1. Say this about Bank of America chief Brian Moynihan: He certainly knows how to talk the talk. In his letter to shareholders, Moynihan went out of his way to thank U.S. taxpayers for making $45 billion in TARP funds available. He also described how he is working closely with 'policy leaders' on financial reform. Whether he can walk the walk - i.e., turn around BofA's fortunes - is another matter. While the company did repay its TARP loan in December, it is still sitting on billions of dollars of vulnerable residential and commercial mortgage debt - one reason the company spent 8,000 words discussing risk in its annual report.
2. So ladies, we have been warned. What would your response be?
2. But then the story took a strange turn. Koudijs and Voth found that Dutch lenders reacted to the Seppenwolde collapse in strikingly different ways. Those who had made loans to Seppenwolde but hadn’t actually lost money became far more pessimistic and demanded much bigger haircuts from all new borrowers. But those who had dodged the bullet by not lending to Seppenwolde didn’t tighten their requirements at all. In fact, those lenders slightly reduced haircuts to their borrowers – a sign they were at least as sanguine as before.
1. Do you routinely roll your eyes? Do you have a weak handshake? Do you avoid making eye contact? These could all be career killers. People must understand that actions speak louder than words. And the majority of our communication is done through non-verbal cues. People could perceive some of your non-verbal communication habits as rude or unprofessional—and these things could eventually have a significant impact on the advancement of your career.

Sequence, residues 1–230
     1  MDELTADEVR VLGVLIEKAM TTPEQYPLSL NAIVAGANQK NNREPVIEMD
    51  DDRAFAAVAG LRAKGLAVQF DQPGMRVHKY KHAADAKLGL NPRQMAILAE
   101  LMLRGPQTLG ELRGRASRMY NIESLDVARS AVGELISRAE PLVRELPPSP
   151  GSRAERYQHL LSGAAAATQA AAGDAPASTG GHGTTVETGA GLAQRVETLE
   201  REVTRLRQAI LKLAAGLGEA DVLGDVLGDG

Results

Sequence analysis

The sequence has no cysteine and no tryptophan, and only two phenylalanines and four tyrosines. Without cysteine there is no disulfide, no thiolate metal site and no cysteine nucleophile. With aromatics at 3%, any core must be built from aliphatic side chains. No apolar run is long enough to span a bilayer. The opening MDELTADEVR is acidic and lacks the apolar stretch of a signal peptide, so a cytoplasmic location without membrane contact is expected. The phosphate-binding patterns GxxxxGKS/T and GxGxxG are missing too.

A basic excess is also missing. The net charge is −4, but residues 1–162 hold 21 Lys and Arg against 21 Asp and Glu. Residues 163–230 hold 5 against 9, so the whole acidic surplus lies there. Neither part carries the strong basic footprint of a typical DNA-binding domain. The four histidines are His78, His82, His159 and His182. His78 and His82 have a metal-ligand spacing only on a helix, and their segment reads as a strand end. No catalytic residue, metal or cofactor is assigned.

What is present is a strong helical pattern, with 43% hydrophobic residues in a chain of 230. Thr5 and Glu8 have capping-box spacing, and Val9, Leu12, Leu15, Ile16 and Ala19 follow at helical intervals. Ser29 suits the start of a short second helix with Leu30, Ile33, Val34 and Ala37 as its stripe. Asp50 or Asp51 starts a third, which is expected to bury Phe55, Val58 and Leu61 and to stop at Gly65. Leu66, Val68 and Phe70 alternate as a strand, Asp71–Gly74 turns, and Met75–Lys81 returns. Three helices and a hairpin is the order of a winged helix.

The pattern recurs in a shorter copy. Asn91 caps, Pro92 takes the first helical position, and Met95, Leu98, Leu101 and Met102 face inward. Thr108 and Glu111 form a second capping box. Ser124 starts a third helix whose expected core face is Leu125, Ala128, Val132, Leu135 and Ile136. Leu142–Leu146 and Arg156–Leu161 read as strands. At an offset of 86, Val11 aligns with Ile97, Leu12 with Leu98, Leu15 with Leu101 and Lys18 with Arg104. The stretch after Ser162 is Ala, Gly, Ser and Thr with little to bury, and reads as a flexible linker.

2. For the New Yorkers who have turned their apartments into bed-and-breakfasts, the battle over illegal inns could reach a fever pitch. On top of it all, Mayor Bill de Blasio’s 10-year affordable housing plan will take shape just as legislation in Albany threatens to strain the pocketbooks of renters. These are among the game-changers looming as we ring in the New Year.
3. When researchers at the University of Illinois set out to create a device that identifies chemicals by their scent, they didn't settle for the sensitivity of the human nose. Instead, they created an artificial nose that uses the smell of bacteria to identify and diagnose specific diseases.